September is a critical period in the presidential election race. Voters start paying closer attention to things that matter to them. And, yes, it’s mostly about the economy. As a reflection and beacon of the economy, U.S. stocks have bounced back from their coronavirus plunge. They are breaking records as they begin rescuing wage earners’ market-based retirement funds.
Many fence-sitting voters don’t like President Trump’s intemperate tweeting and attacks on his political foes. However, if the economy and its not-so-evil twin the stock market continues on its pace, Trump’s chances for reelection will be excellent.
Democrats offer a more avuncular and personable choice in Joe Biden, who credibly swears that he is not a left-wing socialist. But charisma aside, Biden’s tax plan — socialist or not — will roll back Trump’s historic 2017 cuts. What became a trailblazing pace could turn into either stagnation or a downturn as investors and corporations put their money where the tax shelters are.
The recovery has been breathtaking. The S&P 500 bottomed out on March 23, 2020, when the coronavirus took root. From that low the index us up 60%. If the average gain of just .5 percent continues through Election Day, it would be an epic and historic rebound to a potential 3,630.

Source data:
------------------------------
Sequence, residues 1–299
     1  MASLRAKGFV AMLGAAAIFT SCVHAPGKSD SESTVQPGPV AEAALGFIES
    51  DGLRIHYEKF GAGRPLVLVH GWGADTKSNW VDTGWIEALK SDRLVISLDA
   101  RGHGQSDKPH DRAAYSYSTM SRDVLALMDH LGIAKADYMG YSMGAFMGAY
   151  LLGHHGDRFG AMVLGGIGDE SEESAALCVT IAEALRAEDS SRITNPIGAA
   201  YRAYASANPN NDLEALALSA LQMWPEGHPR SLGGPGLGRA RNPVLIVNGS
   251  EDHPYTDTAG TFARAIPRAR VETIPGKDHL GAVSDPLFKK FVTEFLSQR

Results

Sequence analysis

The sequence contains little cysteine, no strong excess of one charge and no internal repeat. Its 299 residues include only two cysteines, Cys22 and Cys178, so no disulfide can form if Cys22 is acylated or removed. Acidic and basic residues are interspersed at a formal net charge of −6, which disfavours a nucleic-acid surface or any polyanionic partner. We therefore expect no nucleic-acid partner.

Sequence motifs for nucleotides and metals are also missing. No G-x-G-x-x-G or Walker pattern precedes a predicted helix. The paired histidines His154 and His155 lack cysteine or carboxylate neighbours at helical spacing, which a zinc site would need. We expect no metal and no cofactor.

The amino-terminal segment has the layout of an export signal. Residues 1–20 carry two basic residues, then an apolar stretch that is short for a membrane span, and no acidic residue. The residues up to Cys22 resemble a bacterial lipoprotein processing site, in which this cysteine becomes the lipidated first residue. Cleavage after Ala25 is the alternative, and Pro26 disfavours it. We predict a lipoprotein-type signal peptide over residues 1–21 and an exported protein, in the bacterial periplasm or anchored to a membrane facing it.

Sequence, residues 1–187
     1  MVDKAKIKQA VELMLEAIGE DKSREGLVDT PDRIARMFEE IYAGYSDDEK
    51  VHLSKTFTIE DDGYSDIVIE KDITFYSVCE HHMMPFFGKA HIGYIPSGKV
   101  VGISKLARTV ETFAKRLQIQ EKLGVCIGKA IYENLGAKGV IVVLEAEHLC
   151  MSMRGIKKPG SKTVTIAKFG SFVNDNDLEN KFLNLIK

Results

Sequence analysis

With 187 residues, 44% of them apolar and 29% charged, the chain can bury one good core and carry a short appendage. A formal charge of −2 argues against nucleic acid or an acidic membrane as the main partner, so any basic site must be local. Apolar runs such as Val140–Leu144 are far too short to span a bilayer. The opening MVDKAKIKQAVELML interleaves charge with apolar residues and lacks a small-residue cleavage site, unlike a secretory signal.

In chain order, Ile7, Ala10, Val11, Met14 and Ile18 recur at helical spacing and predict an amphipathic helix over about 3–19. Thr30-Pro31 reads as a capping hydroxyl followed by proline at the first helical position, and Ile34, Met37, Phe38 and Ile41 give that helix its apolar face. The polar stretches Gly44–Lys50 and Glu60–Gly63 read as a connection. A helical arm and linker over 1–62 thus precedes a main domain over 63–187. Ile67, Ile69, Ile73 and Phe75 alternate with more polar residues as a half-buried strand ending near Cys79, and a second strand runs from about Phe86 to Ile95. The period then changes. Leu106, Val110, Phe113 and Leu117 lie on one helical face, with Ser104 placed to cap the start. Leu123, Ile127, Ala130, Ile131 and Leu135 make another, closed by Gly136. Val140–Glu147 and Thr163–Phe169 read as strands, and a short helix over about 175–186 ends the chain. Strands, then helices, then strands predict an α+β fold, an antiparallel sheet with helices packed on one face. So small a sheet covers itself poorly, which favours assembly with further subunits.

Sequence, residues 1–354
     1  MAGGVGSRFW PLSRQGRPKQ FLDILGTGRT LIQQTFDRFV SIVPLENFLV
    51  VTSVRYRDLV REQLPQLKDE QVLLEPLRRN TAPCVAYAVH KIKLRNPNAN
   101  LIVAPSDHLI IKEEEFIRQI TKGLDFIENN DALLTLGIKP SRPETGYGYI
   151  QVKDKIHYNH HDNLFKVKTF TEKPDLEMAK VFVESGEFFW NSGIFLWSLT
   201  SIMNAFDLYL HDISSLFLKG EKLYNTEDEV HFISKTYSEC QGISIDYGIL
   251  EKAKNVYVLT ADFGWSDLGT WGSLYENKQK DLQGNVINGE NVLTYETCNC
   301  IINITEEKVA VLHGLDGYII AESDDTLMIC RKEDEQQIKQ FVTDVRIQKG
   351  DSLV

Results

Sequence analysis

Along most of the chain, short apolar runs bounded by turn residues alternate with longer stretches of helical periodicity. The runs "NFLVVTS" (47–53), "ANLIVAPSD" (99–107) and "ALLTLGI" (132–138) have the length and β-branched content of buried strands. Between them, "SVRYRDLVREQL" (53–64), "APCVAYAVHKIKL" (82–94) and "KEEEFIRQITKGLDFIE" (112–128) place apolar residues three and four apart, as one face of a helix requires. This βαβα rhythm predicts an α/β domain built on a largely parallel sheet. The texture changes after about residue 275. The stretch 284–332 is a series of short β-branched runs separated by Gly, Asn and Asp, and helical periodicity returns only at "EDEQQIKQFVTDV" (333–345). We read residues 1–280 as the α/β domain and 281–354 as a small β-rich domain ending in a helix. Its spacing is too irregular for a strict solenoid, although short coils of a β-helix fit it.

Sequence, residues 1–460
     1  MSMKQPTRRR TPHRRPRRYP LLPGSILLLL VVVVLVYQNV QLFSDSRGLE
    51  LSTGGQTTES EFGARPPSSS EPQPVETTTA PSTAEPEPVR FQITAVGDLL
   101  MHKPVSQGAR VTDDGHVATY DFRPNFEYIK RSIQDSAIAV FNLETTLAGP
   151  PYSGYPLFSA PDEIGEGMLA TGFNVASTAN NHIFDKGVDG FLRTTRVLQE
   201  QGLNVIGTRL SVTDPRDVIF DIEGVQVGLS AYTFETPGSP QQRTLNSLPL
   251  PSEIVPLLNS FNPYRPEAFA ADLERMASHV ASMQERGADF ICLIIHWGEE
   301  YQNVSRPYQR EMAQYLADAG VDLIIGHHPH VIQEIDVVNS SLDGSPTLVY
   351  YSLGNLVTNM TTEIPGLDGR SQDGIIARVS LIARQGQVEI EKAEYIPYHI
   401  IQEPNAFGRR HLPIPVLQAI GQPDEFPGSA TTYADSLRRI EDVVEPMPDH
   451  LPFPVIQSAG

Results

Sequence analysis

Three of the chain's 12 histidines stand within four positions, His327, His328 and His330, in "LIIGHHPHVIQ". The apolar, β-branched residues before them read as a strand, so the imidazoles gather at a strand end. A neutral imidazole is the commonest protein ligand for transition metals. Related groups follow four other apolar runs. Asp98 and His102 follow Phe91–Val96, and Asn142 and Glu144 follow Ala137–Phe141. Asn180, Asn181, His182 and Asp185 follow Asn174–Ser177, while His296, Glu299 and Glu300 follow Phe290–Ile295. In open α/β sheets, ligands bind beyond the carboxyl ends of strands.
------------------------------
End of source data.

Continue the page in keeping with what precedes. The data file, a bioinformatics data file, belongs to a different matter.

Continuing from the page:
That comeback could be bolstered by cash infusions from the Federal Reserve, which always reacts to positive indicators and investor optimism. If and when the COVID-19 vaccine emerges to stamp out the pandemic, the economic recovery train will finally leave the station.
President Trump, of course, would like to be the conductor. Incumbent presidents typically get all the blame, but only half the credit for the state of the economy. Half the credit is a good thing when you consider this: Since Ronald Reagan ran for reelection in 1984, the S&P 500 is nine for nine in picking presidential campaign winners. When the index was down, the incumbent’s party lost.
However, there are more wild cards in the 2020 election than normal. Democrats believe that just bragging about a resurging economy won’t help Trump win. Aside from how polarizing he is, some analysts don’t trust the correlation between the S&P and elections is really valid.
Smart money is on two factors affecting the outcome of the election:
If Trump loses, it will because of how his administration handled the COVID pandemic. Again, it’s the numbers: More people in the United States contracted the virus and died from the disease than any other country.
If Trump wins it will be because people see the economy is doing better. Then there’s the law-and-order issue, which the Democrats have only recently acknowledged.
With the economy, the President only gets half the credit. With the pandemic the Democrats will try to give him 100% of the blame for the over 100,000 deaths so far. As for the violence in the cities, Democrats will try to take none of the blame.
The irony is that no president has the of power to control the world’s largest economy nor nature’s most infectious virus.